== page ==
Book Examines Mystery Disease
Osler’s Web recalls Incline outbreak
By Patrick McCartney
A non-fiction book to be published today about chronic fatigue syndrome will relive an episode many Incline Village residents have tried to forget.
Osler’s Web, written by New York freelance journalist Hillary Johnson chronicles the personal stories of residents in Incline Village and elsewhere who came down with a mysterious malady in the mid-1980s that mystified the medical profession.
When reports of a mysterious illness began surfacing in Incline more than a decade ago, a bitter debate erupted between residents fearful of an epidemic and a skeptical tourism industry that viewed the reports as harmful to the area’s businesses.
The illness, known as Chronic Fatigue and Immune Dysfunction Syndrome or CFIDS, seemingly popped up overnight in Incline, Truckee and Yerington. Similar outbreaks or clusters were reported across the country, from Key West to Beverly Hills.
Johnson’s book also relates the quest by medical researchers to come to grips with an illness whose symptoms were debilitating, but which standard diagnostic tests were unable to define. To this day, some in the medical profession, including policy makers at the Centers for Disease Control, view the condition more as psychosomatic than physical.
Osler’s Web credits Incline internists Dan Peterson and Paul Cheney with linking the syndrome’s diverse symptoms with an underlying condition that interfered with the body’s immune system. The pair proposed that the baffling illness, which was characterized by debilitating fatigue and intellectual dysfunction, was caused by an elusive virus.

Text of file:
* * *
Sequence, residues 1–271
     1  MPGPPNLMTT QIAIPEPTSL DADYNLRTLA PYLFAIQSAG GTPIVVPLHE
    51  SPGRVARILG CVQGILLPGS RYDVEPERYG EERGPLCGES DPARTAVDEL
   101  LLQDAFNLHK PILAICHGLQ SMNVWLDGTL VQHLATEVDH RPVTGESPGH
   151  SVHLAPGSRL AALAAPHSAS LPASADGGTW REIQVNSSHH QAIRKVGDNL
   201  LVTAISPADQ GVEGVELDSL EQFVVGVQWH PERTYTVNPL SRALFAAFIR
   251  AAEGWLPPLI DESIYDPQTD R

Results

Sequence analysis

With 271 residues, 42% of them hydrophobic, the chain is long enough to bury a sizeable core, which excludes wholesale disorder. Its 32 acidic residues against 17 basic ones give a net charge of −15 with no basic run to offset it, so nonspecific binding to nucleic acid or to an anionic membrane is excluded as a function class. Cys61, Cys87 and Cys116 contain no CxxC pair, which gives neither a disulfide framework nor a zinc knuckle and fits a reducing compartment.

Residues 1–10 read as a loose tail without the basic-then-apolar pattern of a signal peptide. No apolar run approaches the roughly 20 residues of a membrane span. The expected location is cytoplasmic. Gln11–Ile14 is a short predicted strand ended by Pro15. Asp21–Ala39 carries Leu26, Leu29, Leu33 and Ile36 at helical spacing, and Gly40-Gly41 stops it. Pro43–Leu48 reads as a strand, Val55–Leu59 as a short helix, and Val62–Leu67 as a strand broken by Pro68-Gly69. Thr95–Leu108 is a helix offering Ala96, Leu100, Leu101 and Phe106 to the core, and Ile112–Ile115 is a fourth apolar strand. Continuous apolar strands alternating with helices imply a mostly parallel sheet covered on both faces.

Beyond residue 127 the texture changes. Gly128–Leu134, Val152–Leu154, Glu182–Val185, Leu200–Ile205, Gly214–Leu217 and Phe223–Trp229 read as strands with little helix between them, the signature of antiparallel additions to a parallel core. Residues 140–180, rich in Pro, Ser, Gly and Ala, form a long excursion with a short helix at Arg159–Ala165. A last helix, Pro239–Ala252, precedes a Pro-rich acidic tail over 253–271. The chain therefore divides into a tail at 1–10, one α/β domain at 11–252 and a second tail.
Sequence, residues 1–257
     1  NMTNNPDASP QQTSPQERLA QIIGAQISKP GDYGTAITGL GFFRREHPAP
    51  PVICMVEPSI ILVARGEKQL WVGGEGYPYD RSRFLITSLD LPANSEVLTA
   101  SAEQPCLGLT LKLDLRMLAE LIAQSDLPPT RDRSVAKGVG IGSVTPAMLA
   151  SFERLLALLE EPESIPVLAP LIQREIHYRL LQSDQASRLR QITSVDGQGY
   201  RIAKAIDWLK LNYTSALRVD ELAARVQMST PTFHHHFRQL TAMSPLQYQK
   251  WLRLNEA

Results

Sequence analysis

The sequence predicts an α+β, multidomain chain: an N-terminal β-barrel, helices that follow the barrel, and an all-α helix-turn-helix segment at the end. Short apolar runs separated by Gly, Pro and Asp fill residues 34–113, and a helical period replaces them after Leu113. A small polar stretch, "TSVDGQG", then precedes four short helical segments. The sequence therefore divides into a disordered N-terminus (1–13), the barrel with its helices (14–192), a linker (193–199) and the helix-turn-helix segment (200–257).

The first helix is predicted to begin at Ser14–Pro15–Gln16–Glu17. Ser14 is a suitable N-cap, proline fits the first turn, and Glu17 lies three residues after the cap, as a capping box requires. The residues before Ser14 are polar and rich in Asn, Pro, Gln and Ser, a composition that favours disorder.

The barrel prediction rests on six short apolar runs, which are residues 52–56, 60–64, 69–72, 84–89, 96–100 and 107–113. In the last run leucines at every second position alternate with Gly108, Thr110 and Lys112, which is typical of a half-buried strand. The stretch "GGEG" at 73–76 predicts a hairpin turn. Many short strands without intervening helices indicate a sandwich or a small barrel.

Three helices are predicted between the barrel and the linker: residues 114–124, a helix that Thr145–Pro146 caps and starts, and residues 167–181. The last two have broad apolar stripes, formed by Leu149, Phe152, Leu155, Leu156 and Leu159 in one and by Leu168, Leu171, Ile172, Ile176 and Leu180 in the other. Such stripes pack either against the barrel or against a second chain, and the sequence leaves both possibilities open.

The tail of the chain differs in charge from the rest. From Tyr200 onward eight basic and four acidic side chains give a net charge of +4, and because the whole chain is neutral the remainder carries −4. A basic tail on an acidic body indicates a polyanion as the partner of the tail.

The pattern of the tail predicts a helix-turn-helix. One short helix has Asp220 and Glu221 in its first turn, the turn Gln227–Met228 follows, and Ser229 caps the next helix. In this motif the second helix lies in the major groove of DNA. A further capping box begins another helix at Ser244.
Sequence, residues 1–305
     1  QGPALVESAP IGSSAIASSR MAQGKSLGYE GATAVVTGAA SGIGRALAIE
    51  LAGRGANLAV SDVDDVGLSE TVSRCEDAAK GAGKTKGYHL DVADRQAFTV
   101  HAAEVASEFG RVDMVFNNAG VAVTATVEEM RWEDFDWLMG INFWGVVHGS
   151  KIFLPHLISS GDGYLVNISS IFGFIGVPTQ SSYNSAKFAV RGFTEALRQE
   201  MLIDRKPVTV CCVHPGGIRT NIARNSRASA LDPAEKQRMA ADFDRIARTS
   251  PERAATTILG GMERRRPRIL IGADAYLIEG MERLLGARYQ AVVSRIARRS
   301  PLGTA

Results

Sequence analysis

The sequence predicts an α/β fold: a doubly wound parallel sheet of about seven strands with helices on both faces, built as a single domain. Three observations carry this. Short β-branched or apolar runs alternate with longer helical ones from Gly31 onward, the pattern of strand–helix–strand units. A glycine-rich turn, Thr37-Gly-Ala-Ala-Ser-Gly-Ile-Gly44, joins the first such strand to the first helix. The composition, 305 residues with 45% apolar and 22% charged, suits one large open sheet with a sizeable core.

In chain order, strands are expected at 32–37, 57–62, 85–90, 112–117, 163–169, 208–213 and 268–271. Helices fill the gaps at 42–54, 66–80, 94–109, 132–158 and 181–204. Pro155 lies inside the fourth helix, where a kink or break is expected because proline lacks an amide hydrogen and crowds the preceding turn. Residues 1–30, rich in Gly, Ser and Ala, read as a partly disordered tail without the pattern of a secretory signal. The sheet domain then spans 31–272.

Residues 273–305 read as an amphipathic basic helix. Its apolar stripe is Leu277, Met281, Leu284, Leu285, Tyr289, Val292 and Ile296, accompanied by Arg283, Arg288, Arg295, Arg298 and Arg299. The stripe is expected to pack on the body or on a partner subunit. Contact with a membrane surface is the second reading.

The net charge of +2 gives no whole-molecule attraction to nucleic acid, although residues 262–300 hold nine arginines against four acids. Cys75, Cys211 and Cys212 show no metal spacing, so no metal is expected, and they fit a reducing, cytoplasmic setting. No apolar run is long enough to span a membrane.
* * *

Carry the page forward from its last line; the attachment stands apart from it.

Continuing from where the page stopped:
The book also describes the criticism leveled at the two Incline physicians by nervous members of the area’s business community. “Peterson and Cheney were tortured unfairly. It was difficult for Incline Village because so much of its economy is based on the success of the tourism industry,” Johnson said in an interview from her New York home. Like many of the people she describes in Osler’s Web, Johnson also has chronic fatigue syndrome. “Incline Village suffered as a community because it was frequently portrayed as an epicenter, whereas there was a pervasive national problem and there remains one.”
Johnson details the intricate in-fighting between medical researchers that has paralyzed major funding for the study of the disease. The struggle for credibility in the study of chronic fatigue is summed up in the subtitle of Osler’s Web: Inside the Labyrinth of the Chronic Fatigue Syndrome Epidemic.
She painstakingly documents the circumstances surrounding the illness, suggesting that the disease may be transmitted more easily that some other infectious diseases, especially compared to AIDS.